The Richard Stockton College of New Jersey is one of America’s most distinctive public colleges, consistently ranking among the nation’s finest educational institutions. This distinguished college of arts, sciences and professional studies is noted for exceptional program offerings and an interdisciplinary approach to learning, while also providing students with a diverse, high-quality student, faculty and staff population.
The main campus is located on nearly 2,000 acres of the beautiful Pinelands National Reserve, with additional instructional sites in Atlantic City, Hammonton and Manahawkin.
Although young, founded in 1969, Stockton already has a tradition of anticipating and leading changes that other universities and colleges follow. Stockton offers bachelor's and master's degree programs, and a doctoral degree program, all designed to challenge the best and the brightest: our students. We also offer many of the academic, technological and cultural advantages of a large university, but with the community spirit typical of smaller colleges.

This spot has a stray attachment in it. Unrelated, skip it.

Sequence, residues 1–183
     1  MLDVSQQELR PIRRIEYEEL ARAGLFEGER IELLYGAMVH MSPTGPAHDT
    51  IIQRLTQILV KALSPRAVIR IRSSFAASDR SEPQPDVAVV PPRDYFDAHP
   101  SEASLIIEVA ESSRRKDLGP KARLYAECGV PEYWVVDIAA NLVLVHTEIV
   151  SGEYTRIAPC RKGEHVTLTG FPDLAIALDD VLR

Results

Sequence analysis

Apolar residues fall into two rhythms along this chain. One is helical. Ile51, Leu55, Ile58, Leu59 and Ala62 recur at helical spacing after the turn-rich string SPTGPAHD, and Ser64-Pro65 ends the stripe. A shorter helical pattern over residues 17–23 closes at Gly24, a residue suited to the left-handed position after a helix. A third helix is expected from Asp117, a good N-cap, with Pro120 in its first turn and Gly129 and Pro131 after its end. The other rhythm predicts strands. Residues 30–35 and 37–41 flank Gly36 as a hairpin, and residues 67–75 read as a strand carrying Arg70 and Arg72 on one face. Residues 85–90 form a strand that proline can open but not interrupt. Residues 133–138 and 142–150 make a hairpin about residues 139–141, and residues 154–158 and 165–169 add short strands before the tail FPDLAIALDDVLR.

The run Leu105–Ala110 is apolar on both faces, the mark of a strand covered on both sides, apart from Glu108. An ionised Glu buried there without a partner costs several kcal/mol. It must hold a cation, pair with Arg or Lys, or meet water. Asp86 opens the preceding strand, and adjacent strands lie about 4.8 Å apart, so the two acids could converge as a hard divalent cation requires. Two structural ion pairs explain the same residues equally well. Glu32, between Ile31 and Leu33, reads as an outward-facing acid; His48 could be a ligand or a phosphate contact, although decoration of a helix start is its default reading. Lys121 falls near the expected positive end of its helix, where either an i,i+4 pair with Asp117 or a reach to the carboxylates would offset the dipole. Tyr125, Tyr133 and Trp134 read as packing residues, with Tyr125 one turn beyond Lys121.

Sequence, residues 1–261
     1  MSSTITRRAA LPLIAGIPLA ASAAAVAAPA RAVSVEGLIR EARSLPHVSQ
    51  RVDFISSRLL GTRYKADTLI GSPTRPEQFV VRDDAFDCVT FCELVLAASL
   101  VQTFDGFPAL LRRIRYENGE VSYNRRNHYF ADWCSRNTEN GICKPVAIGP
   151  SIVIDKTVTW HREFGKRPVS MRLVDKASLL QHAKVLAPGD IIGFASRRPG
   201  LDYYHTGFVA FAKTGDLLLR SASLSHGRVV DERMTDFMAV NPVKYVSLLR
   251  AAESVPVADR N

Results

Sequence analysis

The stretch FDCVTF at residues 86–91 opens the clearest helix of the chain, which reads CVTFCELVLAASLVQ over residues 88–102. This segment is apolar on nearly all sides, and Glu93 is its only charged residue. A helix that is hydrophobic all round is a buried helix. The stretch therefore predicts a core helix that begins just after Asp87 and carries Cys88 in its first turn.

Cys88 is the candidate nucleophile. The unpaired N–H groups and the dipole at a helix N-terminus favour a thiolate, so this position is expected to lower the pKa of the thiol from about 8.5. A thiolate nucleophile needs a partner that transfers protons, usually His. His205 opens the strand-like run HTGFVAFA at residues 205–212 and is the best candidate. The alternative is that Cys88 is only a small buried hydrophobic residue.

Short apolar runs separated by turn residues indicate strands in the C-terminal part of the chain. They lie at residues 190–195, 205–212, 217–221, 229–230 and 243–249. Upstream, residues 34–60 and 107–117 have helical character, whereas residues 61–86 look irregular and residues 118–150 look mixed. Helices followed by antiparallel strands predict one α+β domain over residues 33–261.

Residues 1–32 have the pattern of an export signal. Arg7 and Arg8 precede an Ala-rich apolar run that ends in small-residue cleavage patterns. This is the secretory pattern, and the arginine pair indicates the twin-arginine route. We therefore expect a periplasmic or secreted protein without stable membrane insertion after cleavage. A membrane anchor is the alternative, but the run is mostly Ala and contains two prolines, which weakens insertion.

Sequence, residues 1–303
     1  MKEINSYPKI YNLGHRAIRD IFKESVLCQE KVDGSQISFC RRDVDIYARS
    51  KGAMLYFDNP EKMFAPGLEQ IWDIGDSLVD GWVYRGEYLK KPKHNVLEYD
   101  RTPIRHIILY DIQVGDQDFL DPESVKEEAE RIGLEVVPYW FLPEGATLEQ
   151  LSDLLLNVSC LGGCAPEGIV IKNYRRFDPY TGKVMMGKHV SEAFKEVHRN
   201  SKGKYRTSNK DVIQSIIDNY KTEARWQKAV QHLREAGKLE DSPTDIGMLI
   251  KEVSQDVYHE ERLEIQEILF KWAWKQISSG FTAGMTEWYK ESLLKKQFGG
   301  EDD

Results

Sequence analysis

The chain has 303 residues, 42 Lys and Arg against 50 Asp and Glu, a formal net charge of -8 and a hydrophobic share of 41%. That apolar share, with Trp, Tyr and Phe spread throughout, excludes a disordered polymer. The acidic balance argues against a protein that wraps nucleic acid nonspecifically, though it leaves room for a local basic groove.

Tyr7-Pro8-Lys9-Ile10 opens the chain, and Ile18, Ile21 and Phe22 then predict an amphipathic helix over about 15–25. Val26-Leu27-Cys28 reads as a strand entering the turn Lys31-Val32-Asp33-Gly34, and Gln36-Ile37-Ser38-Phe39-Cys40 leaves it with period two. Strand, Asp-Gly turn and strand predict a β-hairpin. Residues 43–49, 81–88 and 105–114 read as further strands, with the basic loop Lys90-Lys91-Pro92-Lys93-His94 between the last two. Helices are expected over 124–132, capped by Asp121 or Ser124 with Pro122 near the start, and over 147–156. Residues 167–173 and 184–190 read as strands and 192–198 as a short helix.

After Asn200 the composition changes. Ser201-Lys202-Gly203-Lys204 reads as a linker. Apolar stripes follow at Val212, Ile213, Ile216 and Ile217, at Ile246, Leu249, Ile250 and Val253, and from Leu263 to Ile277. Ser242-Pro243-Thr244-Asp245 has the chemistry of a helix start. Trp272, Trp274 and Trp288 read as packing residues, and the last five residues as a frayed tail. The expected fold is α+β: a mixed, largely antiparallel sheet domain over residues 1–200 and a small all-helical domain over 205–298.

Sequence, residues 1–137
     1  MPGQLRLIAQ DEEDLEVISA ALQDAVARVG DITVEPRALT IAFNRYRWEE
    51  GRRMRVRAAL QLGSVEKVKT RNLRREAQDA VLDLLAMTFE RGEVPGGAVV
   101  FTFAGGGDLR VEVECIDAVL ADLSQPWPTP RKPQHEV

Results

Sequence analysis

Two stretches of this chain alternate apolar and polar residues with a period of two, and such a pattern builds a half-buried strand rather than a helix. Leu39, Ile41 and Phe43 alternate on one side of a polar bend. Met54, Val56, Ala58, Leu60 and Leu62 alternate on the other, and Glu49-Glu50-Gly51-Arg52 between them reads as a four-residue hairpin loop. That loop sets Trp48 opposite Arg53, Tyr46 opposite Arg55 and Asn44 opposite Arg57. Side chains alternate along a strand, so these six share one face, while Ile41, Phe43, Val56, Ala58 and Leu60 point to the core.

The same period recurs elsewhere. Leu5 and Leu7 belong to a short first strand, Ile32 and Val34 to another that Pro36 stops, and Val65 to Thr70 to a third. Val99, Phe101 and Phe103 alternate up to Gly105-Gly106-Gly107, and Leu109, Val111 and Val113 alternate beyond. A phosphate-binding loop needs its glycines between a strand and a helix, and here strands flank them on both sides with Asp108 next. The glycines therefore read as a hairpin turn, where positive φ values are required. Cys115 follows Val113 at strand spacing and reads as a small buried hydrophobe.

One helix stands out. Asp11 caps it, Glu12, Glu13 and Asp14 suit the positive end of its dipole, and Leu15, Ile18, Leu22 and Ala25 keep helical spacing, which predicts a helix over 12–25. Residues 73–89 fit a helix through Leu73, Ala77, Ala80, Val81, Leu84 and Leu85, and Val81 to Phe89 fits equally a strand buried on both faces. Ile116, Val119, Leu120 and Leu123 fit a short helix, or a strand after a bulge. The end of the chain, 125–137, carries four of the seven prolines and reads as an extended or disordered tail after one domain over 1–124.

Students (Fall 2012)
- 8,400 full- and part-time undergraduate and graduate students
- 1,003 first-time freshmen
- 1,067 transfer students
- Noted for our distinguished faculty, including Stephen Dunn, winner of the 2001 Pulitzer Prize for Poetry, and Wendel A. White, awarded a Guggenheim Fellowship in 2003
- 95% of our professors hold the highest degree in their field
- Ranked once again among the Best Universities/Master's in the North (2013) by U.S. News and World Report, Stockton was named among this category's Top 50 (47th) and is among the Top-15 public institutions (11th).
- Classified as a "highly selective college" by the Princeton Review.
- Environmental Studies and Marine Science programs were selected by Peterson's Guides and the Alliance for Environmental Education for inclusion in Education for the Earth: A Guide to Top Environmental Studies Programs.
- The Sara and Sam Schoffer Holocaust Research Center fosters research in holocaust studies to honor victims and survivors of the Holocaust, and to educate present and future generations in understanding racism, anti-Semitism, hatred and oppression.